I would agree that bars are essential for gay and straight communities. It is a sense of connection. Being with your tribe. And one can take care of business-get laid. A lot of the gay clubs are more and more mixed. I don't know how I feel about that. I like having my own. Besides, it confuses me. I want to ensure I am hitting on the right person. Many years back I took my friend from my military days to JRs in DC. He wanted a beer and I did not know of any straight bars so off we went. Honey, I had to drag his ass out of there he was having way too much fun. I remember in Dallas I was with a mixed group of gay and straight friends and this lady's husband wanted to dance with her because his song came on. She didn't want and he insisted. I said I would dance with him. He looked at his wife and she just said "go." And off we went. He was a little cutie and I was a gentleman. I would say gay bars are needed even more so today because folks are so into their phones utilizing all the apps. I believe we have lost some of our social connections with one another. We have to get out of ourselves. Meet folks face to face. Not lose the art of socializing. Not everything should be done on a phone/app. The cost of leasing space is out of this world today. That long-standing bar that leased for years may get a notice that rents are going up to the point of not being able to afford the space. The owners of the building could sell and make a boatload of money instead of leasing. Sad but true.

sgollis said...

I have a few years on you, but 2 of the same locales. In Phoenix, I worked at the Sportsman's Lounge when it was really the only bar for the younger crowd. Started as a waiter and moved to bartending. As the dance scene went from jukebox to DJs, I was hired on at Hisco, which turned into Maggie's (by the owners of NuTowne Saloon). Moved to LA in '77, bar of choice was the Detour, then expanded to Studio One, Circus and Probe for dancing; Griff's, the Stud, Larry's and Outcast for cruising. When it opened, Motherlode was hot and the Gold Coast was an easy stop. Arena was pretty new, taking over from Circus as the hot spot in Hollywood.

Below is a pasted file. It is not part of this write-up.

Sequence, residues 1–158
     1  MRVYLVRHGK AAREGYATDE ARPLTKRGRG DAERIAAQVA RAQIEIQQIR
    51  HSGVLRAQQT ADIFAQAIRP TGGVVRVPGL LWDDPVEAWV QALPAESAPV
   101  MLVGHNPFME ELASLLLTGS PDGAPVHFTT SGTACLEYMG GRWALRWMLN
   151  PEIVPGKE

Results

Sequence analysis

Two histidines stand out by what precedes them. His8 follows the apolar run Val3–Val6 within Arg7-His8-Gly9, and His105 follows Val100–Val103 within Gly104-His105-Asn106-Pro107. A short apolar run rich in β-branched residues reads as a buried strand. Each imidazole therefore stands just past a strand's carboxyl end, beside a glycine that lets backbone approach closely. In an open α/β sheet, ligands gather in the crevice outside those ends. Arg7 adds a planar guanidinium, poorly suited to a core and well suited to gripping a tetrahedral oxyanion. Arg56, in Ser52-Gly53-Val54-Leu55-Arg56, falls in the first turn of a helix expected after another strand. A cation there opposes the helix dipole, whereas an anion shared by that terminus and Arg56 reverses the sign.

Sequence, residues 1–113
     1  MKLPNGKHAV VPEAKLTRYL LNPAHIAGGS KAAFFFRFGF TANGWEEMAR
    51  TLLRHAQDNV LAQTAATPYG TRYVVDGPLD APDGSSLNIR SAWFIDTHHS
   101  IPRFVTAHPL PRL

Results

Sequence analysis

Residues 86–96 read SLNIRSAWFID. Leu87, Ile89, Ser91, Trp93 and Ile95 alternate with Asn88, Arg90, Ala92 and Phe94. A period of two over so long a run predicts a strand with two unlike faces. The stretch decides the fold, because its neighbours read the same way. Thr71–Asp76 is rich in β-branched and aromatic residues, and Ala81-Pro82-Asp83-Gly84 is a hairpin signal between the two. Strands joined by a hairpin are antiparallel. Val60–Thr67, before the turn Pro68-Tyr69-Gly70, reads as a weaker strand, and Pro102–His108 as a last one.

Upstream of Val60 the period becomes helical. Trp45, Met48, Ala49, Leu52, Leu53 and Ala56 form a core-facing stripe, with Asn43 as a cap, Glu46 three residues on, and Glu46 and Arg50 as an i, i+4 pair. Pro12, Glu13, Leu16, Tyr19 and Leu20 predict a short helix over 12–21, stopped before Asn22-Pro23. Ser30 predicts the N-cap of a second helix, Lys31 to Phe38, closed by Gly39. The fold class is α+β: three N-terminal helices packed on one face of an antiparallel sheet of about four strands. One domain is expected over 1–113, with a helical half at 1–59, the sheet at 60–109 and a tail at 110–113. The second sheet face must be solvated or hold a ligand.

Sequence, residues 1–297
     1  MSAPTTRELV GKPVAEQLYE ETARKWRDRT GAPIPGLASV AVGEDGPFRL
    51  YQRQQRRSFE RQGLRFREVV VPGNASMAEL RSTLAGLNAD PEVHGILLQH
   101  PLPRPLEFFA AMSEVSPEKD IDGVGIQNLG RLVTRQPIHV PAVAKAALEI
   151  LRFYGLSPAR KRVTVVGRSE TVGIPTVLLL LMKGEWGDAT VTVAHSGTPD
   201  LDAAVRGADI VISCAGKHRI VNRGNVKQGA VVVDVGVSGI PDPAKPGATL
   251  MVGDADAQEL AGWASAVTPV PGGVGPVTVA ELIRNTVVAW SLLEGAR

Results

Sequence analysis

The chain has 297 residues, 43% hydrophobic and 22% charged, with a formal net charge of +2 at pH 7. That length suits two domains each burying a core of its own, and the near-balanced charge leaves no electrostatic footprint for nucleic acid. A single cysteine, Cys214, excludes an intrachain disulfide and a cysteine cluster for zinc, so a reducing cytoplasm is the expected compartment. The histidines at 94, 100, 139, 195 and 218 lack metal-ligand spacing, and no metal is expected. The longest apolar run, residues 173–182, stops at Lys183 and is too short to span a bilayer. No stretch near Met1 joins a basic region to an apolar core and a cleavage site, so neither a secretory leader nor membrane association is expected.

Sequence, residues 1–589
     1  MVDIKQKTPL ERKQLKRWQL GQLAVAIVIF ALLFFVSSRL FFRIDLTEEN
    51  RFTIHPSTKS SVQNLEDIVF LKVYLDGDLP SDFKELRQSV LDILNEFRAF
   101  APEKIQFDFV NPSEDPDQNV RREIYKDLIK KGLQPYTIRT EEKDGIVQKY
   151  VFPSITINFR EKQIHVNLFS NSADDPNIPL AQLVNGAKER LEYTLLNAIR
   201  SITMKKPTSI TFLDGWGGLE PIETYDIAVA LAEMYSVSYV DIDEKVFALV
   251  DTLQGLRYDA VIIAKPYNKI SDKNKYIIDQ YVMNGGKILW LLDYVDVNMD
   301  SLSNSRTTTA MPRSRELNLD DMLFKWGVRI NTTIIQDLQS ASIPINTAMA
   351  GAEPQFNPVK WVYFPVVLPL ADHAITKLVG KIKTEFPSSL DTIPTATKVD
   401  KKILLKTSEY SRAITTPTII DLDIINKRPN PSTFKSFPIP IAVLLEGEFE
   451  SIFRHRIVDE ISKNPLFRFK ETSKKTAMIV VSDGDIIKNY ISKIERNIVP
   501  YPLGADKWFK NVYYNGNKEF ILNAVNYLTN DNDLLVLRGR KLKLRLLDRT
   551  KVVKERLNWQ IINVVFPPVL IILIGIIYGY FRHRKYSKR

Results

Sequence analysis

All this was long ago, and now I, too, am married and retired, and living in a rainforest in Hawaii. Good memories, thanks!
Steve G

Anonymous said...

Cathode Ray in Fort Lauderdale first then The Copa or 21 later in the evening.
Steve T

BxlMan said...

The Bar on 2nd Avenue was my go-to for many years. I rarely left the East Village in the late 80s/early 90s. The Pyramid was also a lot of fun.

Edgar_Carpenter said...

I've met several of my best gay friends through hookup apps.

Bars were never great places for me - I lived in SF and NYC for many years, and I just didn't fit the body types that men in bars there were usually looking for. In some bars I'd be actively shunned.

In other countries, I was more popular at the bars I went to - I've still got friends in England, France and Australia I met in gay bars there. So I gradually realized it was the attitudes of the bar crowds at home that were the problem - I had an enthusiastic fan club, but finding them was another matter.

When hookup apps came along, the men who were hunting for men like me could finally find me, even in cities where the bars were full of attitude. It's great (and unexpected) to have such enthusiastic admirers of my erotic charms this late in life, and naturally, some of them have become friends too.

AB said...

Preston's was my first. I've never really had great experiences at the bars here in Phoenix. Not get me to the German bars with the dark rooms and that's another story. 😈

Anonymous said...

Axis in Columbus Ohio

VoenixRising said...

Frist gay bar: Jekyll & Hydes, Tucson AZ, January 1977
Second gay bar: Joshua Tree/Back Pocket, Tucson AZ

Maggie's/Moon's Truck/HisCo Disco: Phoenix 1978
The Forum, Phoenix 1978
Bullwinkle: Phoenix 1979
Connection: Phoenix 1979

Hotbods: Phoenix, 1981

Carl Schwent said...

I came out in 1974 and I remember going to Casa de Roma on my first date with my first lover (and it may have been my first time in a gay bar). They had an elegant black female impersonator, who did Diana Ross's version of Kermit the Frog's "It's Not Easy Being Green", which certainly put whole new levels on that song.